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April 22, 2013
EPA to amend steam electric power ELGs
By Amanda Czepiel, JD, Senior Managing Editor

The U.S. Environmental Protection Agency (EPA) has signed a notice of proposed rulemaking to amend the effluent limitations guidelines (ELGs) and standards for the steam electric power generating category.

These proposed amendments set the first federal limits on the levels of toxic metals in wastewater that can be discharged from power plants and are based on technology improvements in the industry over the last 3 decades. The current ELGs and standards were last updated in 1982 and, according to the EPA, do not adequately address the associated toxic metals discharged to surface waters from facilities in this industry, nor do they reflect the new technologies for generating electric power and implementing air pollution controls over the last 30 years.

The proposed rule would establish new or additional requirements for wastewater streams from the following processes and by-products associated with steam electric power generation:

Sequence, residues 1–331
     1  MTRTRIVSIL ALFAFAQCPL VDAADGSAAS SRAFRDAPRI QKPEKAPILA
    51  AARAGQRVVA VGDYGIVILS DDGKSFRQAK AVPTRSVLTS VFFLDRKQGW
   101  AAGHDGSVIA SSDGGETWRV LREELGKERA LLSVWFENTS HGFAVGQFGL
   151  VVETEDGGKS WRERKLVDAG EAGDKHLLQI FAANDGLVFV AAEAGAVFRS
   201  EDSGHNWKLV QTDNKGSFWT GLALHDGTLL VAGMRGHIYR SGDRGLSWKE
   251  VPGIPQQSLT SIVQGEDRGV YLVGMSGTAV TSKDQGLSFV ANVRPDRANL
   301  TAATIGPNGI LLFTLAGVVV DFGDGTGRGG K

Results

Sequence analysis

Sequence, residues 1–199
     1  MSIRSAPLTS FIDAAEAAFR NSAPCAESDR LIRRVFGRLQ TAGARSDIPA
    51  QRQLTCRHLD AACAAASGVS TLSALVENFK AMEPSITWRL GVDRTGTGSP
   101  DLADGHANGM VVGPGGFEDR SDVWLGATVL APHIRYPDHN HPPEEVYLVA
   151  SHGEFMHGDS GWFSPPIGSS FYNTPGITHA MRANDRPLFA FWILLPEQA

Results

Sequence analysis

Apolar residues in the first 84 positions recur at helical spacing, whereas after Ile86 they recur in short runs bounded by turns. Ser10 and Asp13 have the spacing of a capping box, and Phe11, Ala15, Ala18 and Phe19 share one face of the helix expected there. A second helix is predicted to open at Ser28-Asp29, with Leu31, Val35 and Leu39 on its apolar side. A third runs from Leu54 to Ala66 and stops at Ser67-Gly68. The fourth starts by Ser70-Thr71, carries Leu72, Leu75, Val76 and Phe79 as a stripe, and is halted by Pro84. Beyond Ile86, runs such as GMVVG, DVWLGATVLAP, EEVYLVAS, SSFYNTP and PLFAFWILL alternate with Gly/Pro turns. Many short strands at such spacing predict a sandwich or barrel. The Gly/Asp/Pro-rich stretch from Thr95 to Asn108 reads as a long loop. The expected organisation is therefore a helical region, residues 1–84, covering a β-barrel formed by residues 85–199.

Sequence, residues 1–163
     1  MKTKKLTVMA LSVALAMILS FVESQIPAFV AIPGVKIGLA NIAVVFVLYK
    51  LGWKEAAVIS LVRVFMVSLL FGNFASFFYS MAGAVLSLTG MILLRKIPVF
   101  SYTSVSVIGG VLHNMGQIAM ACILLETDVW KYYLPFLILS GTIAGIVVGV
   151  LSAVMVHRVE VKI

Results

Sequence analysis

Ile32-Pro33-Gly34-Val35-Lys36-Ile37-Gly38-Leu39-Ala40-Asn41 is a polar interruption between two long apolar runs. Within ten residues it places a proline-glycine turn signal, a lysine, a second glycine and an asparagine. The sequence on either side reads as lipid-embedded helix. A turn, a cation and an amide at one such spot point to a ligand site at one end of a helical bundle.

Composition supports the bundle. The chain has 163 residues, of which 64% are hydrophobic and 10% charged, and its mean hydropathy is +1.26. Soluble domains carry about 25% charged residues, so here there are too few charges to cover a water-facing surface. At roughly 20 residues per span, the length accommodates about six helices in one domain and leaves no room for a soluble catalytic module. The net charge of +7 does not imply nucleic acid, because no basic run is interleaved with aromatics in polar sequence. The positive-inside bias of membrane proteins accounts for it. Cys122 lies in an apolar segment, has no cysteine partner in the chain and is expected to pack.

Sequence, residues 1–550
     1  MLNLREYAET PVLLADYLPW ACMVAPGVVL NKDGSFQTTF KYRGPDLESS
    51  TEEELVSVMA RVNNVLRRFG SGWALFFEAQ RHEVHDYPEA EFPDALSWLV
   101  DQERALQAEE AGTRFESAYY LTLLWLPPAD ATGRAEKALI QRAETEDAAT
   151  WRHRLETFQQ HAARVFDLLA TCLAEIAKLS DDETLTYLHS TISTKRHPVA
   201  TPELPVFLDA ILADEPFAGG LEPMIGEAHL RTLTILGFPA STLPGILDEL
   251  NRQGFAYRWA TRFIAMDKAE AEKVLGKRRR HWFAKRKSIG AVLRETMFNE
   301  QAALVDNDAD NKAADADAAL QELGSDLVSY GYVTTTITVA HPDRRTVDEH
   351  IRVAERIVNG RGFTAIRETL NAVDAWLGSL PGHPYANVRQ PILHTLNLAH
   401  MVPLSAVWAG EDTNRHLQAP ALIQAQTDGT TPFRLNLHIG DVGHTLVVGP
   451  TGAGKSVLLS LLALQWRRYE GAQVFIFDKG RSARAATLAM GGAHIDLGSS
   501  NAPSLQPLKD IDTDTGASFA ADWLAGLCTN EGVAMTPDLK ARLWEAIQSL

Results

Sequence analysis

• Flue gas desulfurization
  • Fly ash
  • Bottom ash
  • Flue gas mercury control, and
  • Gasification of such fuels as coal and petroleum coke

The rulemaking sets forth four options for regulation of discharges from existing sources. The four options differ in the number of wastestreams covered, the size of the units controlled, and the stringency of the controls that would be imposed. The EPA also estimates different levels of pollutant reduction and costs associated with each option.

According to the EPA, steam electric power plants contribute more than half of the toxic pollutants discharged to water bodies by all industrial categories currently regulated in the nation.  The EPA estimates that its proposed options would annually reduce pollutant discharges by 470 million, to 2.62 billion pounds, and reduce water use by 50 billion, to 103 billion gallons per year, as affected by steam power plants.

INFO: Contact Jezebele Alicea-Virella or call her at 202-566-1755.